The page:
This report highlights the findings of ACFIM with regard to spending by political parties and candidates for Presidential, Parliamentary and City Mayoral/District Chairperson election campaigns during the months of November and December 2020. It builds on an earlier report on pre-campaign spending that was released at the beginning of December 2020.
Elections based on multi-party-political dispensation have become regular and institutionalized in Uganda since 2005 when political parties were allowed to function again. It was in 2006, Uganda held her first election under multiparty politics since 1986 when National Resistance Movement (NRM) took power and banned all political parties in favor of one-party system known as movement system. However, regular elections have not resulted into improved democratization partly due to the rising vice of commercialized politics. The volumes of money that flow in Uganda’s politics is mindboggling and it is unclear where it comes from.
2019 was a watershed year for ACFIM in terms of deepening public awareness on commercialized electoral politics as an impediment to Uganda’s democratization process, and scaling-up the engagement of relevant government institutions and legislators on campaign finance legislation. ACFIM has contributed significantly towards building a body of knowledge on political financing through research publications. ACFIM has more boots on the ground than before.
The return to multiparty political dispensation in 2005, increased political competition, turning elections into a do-or-die affair. Electoral Politics has been commercialized amidst underlying corruption the result of which has largely manifested in form of functionally hollowing out state institutions by the political and economic elite. Electoral integrity is being sacrificed at the altar of political and economic survival.
This was the first e-Symposium of its kind on the subject of money in politics in Africa. But on the calendar of Alliance for Finance Monitoring (ACFIM), it was ACFIM’s third Annual Symposium on the subject, the previous two having taken place in 2018 and 2019 respectively. Being virtual came with the advantage of it being watched by a wide audience across the African continent and beyond via zoom, on YouTube and Facebook.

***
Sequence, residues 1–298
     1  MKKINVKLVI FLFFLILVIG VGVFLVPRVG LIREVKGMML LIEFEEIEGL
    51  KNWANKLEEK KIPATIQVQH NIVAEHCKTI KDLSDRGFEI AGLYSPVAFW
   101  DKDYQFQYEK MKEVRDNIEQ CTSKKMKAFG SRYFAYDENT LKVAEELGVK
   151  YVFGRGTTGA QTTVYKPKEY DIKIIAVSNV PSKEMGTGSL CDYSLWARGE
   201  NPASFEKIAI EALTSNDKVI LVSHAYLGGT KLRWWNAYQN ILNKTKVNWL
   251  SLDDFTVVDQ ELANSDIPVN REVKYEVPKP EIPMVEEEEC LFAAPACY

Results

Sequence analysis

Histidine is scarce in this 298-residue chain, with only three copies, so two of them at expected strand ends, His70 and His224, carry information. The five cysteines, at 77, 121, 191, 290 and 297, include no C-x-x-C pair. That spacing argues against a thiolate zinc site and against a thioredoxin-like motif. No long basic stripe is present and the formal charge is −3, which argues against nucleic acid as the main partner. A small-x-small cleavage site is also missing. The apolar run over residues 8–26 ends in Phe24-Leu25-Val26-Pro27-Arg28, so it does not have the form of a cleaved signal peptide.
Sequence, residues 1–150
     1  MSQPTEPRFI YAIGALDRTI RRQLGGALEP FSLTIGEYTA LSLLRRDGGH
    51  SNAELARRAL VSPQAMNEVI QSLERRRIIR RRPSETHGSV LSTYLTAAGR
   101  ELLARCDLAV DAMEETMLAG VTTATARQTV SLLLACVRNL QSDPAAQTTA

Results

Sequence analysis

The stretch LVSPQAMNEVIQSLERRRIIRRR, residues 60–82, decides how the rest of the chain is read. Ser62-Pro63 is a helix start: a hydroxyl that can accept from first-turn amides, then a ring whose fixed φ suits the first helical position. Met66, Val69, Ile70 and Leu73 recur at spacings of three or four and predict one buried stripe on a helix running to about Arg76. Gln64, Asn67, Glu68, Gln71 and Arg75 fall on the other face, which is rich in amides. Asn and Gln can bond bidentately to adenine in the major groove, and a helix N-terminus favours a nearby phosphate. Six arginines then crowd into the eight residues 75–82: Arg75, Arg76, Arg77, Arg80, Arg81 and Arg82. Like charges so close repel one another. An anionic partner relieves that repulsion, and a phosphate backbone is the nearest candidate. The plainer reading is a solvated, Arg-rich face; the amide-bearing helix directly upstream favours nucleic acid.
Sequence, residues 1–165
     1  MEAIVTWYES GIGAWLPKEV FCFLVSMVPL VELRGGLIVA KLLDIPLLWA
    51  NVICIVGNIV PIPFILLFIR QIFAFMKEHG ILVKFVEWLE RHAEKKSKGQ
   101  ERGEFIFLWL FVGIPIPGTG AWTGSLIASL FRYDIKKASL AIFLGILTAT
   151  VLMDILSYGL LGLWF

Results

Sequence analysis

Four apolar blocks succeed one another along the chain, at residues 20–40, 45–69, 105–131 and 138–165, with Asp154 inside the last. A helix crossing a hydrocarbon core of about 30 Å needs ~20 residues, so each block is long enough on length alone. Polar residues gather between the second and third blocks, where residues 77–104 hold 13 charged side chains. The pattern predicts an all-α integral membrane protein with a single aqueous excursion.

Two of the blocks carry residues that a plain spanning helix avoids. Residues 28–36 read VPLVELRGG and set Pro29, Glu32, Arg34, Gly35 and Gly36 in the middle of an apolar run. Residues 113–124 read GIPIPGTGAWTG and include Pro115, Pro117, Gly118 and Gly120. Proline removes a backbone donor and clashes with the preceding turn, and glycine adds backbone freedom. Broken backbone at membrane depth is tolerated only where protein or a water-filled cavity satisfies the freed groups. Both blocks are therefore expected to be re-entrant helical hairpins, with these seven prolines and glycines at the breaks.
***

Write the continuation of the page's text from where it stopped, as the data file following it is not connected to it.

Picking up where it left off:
Competitive elections based on multiparty political dispensation have become institutionalized in many African countries. A review of the election calendar for the next two years reveals that a total of 30 African countries will hold elections in the next two years namely 15 countries in 2019 and the same number of countries in 2020. The downside is that electoral politics is increasingly being perceived as a business, and because of this, political parties and candidates have been observed to stake huge sums of money to get elected.
The study interrogates the impact of campaign spending on electoral participants over the previous electoral cycles (2006, 2011, and 2016).
The cardinal object of this study is to analyse the extent of the impact of election spending on electoral participants as a consequence of commercialisation of politics and electoral processes, and to propose solutions for curbing the vice that has metamorphosed into a monster.
The Electoral Commission accredited four (4) campaign finance experts from Alliance for Finance Monitoring (ACFIM) to carry out observation for the By-election of Nebbi District Chairperson. Upon accreditation, ACFIM was given the Guidelines for the Accredited Election Observer(s). Section 4 of these Guidelines defines the role of Accredited Persons/Institutions and scope. Specifically, section 4(c) requires accredited persons/institutions to among other things…
Working with civil society organizations, we designed the study to estimate how voters and candidates responded to their campaign in treatment and spill over villages, and how impacts varied with campaign intensity. Despite its heavy footprint, the campaign did not reduce politician offers of gifts in exchange for votes.
We estimate the effects of one of the largest anti-vote-buying campaigns ever studied—with half a million voters exposed across 1427 villages—in Uganda’s 2016 elections.
This report highlights the major findings of ACFIM’s long term observation of the campaign period and the polling day activities leading to announcement of final results. The report captures the views of key informants including losing candidates of the NRM party primaries whore were turned campaign agents of candidate Naome Kibaaju, Electoral Commission officials, political party leaders, local journalists, local opinion leaders, and voters among others.